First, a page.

On the etched surface of the 6H—SiC crystal representing the initial stage of the growth process as shown in FIG. 2( a), anisotropy of the growth steps distribution from the center of the crystal to the crystal edge produces a discernable contrast. Along the [1 1 00] crystallographic direction, surface morphology suggests the presence of a step-flow growth mechanism. Along this [11 2 0] direction, step bunching formation is observed, likely indicating increased growth rate in this direction. It is expected that differences in growth rate along [1 1 00] and [11 2 0] crystallographic directions may result in step deformation and generation of a large number of kinks from which dislocations are formed. Such conditions promote the formation of polytype inclusions, which thus result in formation of micropipes. FIG. 2( b) shows the 15R polytype inclusion in a 6H crystal occurring in the [11 2 0] direction and its family. This is confirmed by photoluminescence and UV absorption characteristics.

A cross-section of a 6H—SiC boule (cut along the c-axis direction) containing 15R-polytype inclusions is shown in FIG. 3. Formation of micropipe clusters is shown on the 6H/15R boundaries.

As an example, and consistent with the above noted studies, it has been observed that: (1) step bunching occurs at the facet border in the [11 2 0] direction; (2) the facet border is the preferred area for new polytype nucleation which generally propagates in the [11 2 0] direction(s); and (3) micropipe generation starts from polytype inclusions which are nucleated at polytype boundaries.

In a method of growing a micropipe-free, single crystal boule of SiC according to an embodiment of this application, the SiC boule is grown nominally in the c-axis direction, where the nominal c-axis direction is defined as being within the range of zero to 10 degrees from the c-axis [0001] direction. Initially, unintentional impurities within the system (as compared with dopants intentionally introduced into the sublimation system) are targeted for elimination as a first possible source of micropipe nucleation. In particular, unintentional impurities on the seed or growth front may start to nucleate a micropipe and/or micropipe clusters that may propagate throughout the SiC boule.

For example, unintentional impurities within the source material (e.g., the powdered SiC source material 20 in the sublimation system as shown in FIG. 1) may be eliminated by providing a very high quality SiC source material having as low an impurity content as possible. Common source material impurities include, as examples, iron, nickel and/or chromium. Where very high quality SiC source material of verified purity may be obtained, its incorporation within an embodiment of the invention is warranted. However, one or more high quality source materials (as potentially provided in solid, powder, liquid, and/or gaseous form(s)) may be employed as SiC source material in a sublimation or evaporation system consistent with certain embodiments of the invention where such source material(s) contain a total concentration of less than 5 parts per million by weight (ppmwt) of metallic impurities, and more preferably less than 2 ppmwt of metallic impurities. In this context, metallic impurities include at least metals such as Ti, V, Cr, Mn, Fe, Co, Ni, Cu, Zn, Zr, Mo, Pd, Ta, and/or W. Indeed, certain embodiments for the invention provide that the SiC source material(s) being used contain a total concentration of less than 1 ppmwt of Ti, V, Cr, Mn, Fe, Co, Ni, Cu, Zn, Zr, Mo, Pd, Ta, and/or W.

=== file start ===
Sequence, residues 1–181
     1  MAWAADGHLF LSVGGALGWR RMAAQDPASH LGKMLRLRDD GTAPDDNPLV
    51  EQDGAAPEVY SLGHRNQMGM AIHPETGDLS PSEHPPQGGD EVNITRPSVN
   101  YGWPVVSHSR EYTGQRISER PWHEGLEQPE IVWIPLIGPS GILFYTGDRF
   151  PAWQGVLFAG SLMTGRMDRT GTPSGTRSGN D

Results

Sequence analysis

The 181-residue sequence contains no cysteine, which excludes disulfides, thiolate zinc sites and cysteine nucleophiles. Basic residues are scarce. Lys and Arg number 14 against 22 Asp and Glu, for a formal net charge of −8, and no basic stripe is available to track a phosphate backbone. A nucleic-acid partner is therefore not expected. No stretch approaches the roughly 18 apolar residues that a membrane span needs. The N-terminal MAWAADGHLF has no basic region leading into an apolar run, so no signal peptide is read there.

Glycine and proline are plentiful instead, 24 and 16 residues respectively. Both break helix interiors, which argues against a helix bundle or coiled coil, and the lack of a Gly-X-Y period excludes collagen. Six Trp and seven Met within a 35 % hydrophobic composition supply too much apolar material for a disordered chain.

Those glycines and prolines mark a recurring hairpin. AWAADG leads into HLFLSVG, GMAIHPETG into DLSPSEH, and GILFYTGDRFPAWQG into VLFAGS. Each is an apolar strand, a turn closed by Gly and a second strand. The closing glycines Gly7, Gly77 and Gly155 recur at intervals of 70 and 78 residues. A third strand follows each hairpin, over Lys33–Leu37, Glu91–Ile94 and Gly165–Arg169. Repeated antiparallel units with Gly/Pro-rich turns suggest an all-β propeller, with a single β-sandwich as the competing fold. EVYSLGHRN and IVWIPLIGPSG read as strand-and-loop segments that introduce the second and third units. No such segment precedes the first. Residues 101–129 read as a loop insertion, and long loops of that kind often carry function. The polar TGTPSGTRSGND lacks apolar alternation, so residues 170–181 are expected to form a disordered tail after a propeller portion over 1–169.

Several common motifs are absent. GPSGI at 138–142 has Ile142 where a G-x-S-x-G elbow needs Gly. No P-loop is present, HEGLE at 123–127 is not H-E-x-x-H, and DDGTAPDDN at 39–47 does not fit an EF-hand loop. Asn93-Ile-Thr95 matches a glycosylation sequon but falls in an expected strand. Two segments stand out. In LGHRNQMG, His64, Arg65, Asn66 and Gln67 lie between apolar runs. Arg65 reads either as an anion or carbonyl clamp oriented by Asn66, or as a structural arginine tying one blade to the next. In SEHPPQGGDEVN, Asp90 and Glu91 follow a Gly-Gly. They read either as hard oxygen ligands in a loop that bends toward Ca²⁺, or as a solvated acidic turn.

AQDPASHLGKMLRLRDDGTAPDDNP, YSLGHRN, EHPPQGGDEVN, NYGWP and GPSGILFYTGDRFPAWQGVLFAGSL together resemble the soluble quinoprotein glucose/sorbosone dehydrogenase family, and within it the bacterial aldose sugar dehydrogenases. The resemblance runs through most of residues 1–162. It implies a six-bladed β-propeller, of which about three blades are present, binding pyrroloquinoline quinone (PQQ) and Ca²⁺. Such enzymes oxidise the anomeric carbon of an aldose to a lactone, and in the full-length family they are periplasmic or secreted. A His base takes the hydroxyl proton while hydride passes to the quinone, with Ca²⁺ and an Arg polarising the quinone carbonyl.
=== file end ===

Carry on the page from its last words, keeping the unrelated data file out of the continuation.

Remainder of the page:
In addition to the provision of very high quality source material(s), certain embodiments of the invention demand that the reaction crucible and seed material holder be fabricated from high quality, very pure carbon having as low a metal content as possible. In this regard, the reduction of metallic impurities in the materials forming the source, reaction crucible, and seed holder may be confirmed using glow discharge mass spectroscopy (GDMS) and secondary ion mass spectroscopy (SIMS) analysis techniques.

Following the foregoing efforts to eliminate unintentional impurities as a source of micropipe generation, polytype inclusions (as previously described) are targeted as the remaining source for micropipe generation. By precise and tight control of vapor phase composition, the diffusion rate of the vapor species, growth temperature, pressure during bulk growth, source flux, ambient gases and growth zone dimensions such polytype inclusions may be eliminated. More particularly, instabilities during crystal growth, such as temperature spikes, pressure deviations or any changes in growth conditions, may cause polytype inclusions. Tight control of these processing parameters to maintain stable growth conditions eliminates polytype inclusions, thus preventing micropipe formation.

It should be understood as noted above, those familiar with the growth of crystals, particularly in difficult material systems such as silicon carbide, will recognize that the details of the given technique can vary depending on relevant circumstances. Typically, growth pressure during an applied PVT process will range from about 0.1 to 400 Torr, and more typically between 0.1 and 100 Torr. As noted above, the process temperature will range from about 2000° C. to 2500° C. These conditions may vary due to differences in the sublimation system being used and variations in the seeded sublimation growth process being run.